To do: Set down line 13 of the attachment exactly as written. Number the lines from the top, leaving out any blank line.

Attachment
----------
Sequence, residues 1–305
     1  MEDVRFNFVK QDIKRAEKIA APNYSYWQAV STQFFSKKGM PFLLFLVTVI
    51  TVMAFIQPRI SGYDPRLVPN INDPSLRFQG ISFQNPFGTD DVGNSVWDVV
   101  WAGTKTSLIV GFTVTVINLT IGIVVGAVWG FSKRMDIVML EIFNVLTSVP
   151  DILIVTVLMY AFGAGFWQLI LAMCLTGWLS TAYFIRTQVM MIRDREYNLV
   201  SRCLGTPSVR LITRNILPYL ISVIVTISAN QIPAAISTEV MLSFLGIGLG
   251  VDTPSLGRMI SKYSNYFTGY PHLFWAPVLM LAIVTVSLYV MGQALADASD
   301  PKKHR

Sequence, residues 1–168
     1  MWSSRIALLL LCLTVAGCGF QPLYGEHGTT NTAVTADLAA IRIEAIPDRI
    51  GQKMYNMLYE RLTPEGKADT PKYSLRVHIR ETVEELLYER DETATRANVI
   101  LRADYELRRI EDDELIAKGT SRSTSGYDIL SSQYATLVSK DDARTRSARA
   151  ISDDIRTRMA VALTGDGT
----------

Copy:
   151  ISDDIRTRMA VALTGDGT